Strength Training For AFL Players – Week 3
The Hang Power Clean
Performance in AFL, like all field sports, relies on not only the player’s sports specific skills, physical strength and endurance, but also on their ability to react with speed and agility.
Due to the speed of play in the modern game, rapid change of direction with accuracy is a necessary skill. Players that are able to repeatedly sprint for the ball or to run down and tackle an opposition player on multiple occasions throughout an entire match are sought after by coaching staff.
For a player to develop speed and power they need to be able to optimise both triple flexion and triple extension. These movements involve three major joints: Hip, Knee, and Ankle. When moved from the flexed to extended position, these three joints create the explosiveness needed to initiate a sprint or jump, movements which consist of the player applying force with the feet against the ground.
The Hang Power Clean is another compound movement that is vital for Australian Rules Footballers. It is a lift that requires triple extension of the hips, knees and ankles in a coordinated and explosive pattern while also building on the lifters ability to absorb and transfer force, which has additional benefits when tackling or in the ruck.
A recent study conducted at Edith Cowan University (1), investigated whether an AFL players performance in the Hang Power Clean translated to an increased ability in sprinting, jumping and change of direction. Testing was administered over 3 separate days, each separated by a 48 hour period to minimise fatigue. During the 3 test days the players took part in a 20 metre sprint, a 5 metre by 5 metre Change of Direction drill, a Counter Movement Jump test with and without a 40 kg weight, and on the third day of testing a 1 RM Hang Power Clean and Front Squat.
Over a two month period in the off season, the players performed Hang Power Clean and Front Squat 2-3 times per week.
At the end of the second testing period it was evident that those players who performed in the top 50 percent of the group in the 1 RM Hang Power Clean relative to body mass had higher performance in both jumping and sprinting.
When training to maximise force and power it has been found to be advantageous to use loads of 60-80% of your 1 Rep Max (2), while keeping your rep range low. 5 sets of 2 to 3 reps at these loads are ideal.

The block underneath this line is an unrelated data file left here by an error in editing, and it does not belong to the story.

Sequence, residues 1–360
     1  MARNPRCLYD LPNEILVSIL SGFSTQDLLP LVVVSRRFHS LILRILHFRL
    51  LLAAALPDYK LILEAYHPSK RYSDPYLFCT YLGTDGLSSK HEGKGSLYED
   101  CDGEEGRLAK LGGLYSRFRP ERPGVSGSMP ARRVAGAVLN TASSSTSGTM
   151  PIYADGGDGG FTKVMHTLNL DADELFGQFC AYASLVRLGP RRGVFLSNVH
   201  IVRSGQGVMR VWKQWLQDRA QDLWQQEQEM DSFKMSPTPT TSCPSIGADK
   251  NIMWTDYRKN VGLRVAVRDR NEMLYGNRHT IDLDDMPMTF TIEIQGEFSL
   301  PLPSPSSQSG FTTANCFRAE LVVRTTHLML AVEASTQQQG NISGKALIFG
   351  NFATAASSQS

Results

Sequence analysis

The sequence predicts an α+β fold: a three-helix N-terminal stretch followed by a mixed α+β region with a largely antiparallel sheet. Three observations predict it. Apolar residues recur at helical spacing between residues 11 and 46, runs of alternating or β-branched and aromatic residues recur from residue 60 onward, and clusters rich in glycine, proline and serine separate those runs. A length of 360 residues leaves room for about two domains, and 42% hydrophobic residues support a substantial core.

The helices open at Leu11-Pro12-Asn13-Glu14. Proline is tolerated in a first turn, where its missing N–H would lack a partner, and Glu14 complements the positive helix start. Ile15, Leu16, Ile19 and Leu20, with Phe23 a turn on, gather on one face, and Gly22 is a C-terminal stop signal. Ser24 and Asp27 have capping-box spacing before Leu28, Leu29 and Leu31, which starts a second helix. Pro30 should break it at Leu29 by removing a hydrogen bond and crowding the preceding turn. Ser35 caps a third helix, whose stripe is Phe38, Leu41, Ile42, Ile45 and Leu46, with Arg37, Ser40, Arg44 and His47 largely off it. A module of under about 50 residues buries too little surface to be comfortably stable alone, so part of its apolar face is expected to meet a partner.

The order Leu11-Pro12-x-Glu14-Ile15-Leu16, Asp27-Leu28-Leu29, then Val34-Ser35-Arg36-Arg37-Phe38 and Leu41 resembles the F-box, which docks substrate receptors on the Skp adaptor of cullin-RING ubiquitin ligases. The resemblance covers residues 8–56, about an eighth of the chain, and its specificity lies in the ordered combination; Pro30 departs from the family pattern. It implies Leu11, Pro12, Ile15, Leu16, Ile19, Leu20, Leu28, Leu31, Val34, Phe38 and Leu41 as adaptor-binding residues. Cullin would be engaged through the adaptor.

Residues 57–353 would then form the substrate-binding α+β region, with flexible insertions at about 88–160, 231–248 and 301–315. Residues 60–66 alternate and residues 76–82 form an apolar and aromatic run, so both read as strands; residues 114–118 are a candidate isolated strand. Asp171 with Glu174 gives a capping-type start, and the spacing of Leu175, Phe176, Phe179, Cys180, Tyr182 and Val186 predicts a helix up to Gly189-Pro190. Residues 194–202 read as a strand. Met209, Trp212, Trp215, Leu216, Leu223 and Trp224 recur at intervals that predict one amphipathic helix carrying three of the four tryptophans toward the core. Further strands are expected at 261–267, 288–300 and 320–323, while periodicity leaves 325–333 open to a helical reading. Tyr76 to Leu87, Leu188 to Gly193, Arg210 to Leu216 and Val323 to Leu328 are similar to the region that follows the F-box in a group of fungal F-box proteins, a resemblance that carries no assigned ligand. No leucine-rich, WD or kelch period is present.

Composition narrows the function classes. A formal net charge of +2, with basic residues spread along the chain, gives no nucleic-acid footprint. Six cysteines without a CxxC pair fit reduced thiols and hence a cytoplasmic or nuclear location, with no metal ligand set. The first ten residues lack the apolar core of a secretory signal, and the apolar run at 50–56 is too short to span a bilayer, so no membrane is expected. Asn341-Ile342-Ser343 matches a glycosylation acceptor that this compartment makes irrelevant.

How to complete a HANG POWER CLEAN
1.Your stance for the setup should be hip width or slightly wider (ideally in a position that you would jump from). You need to keep your weight in your heels, while keeping your back straight (neutral spine position).
2. The bar should be held in an overhand grip, slightly wider than shoulder width, with your arms locked straight.
3. To initiate the lift, bend the knees and hips and lower the bar against the quadriceps with, your shoulders over the bar, to just above the knee.
4. The next stage is an all-out explosive pull in a “jump and shrug” motion. Quickly and powerfully extend your legs, thrusting your hips forward and upwards, straighten your knees and extend your ankles (triple extension).
5. Keep the bar close to your body and bring it into contact with the hips as you reach extension. As you feel the bar gain momentum, fully shrug your shoulders whilst keeping your arms straight and by your sides.
6. After extension, drop down whilst moving your feet into a squat stance. At the same time, pull your elbows high and to the sides, moving yourself into a partial squat while keeping the bar and your body as close as possible.
7. Turn the elbows around the bar, transitioning into a rack position with elbows high, stopping the squat above parallel. Keeping your gaze at eye level and upper body upright.
8. Once the bar steadies, stand all the way up, maintaining the bar in the rack position on the shoulders.
Always work at a weight that you are able to achieve the set number of reps in a set, and most importantly, that you are able to complete the lift with good form. A very common fault with this exercise is lifters going too heavy too soon, not maintaining straight arms in the extension and shrug portions of the lift and “muscling” the bar into position.
In conclusion, the addition of the Hang Power Clean in strength and conditioning programs has been proven to improve explosiveness in athletes by optimising their ability to increase the amount of force generated against the ground when sprinting and jumping.
How are you going to stand out this season?
- Hori N, Newton RU, Andrews WA, Kawamori N, McGuigan MR, and Nosaka K. (2008) “Does performance of hang power clean differentiate performance of jumping, sprinting and changing of direction?” Journal of Strength and Conditioning Research 22 (2) , pp. 421-8
- Comfort P,Fletcher CM and McMahon JJ. (2012), “Determination of optimal load during the power clean, in collegiate athletes” Journal of Strength and Conditioning Research, 26 (11) , pp. 2962-2969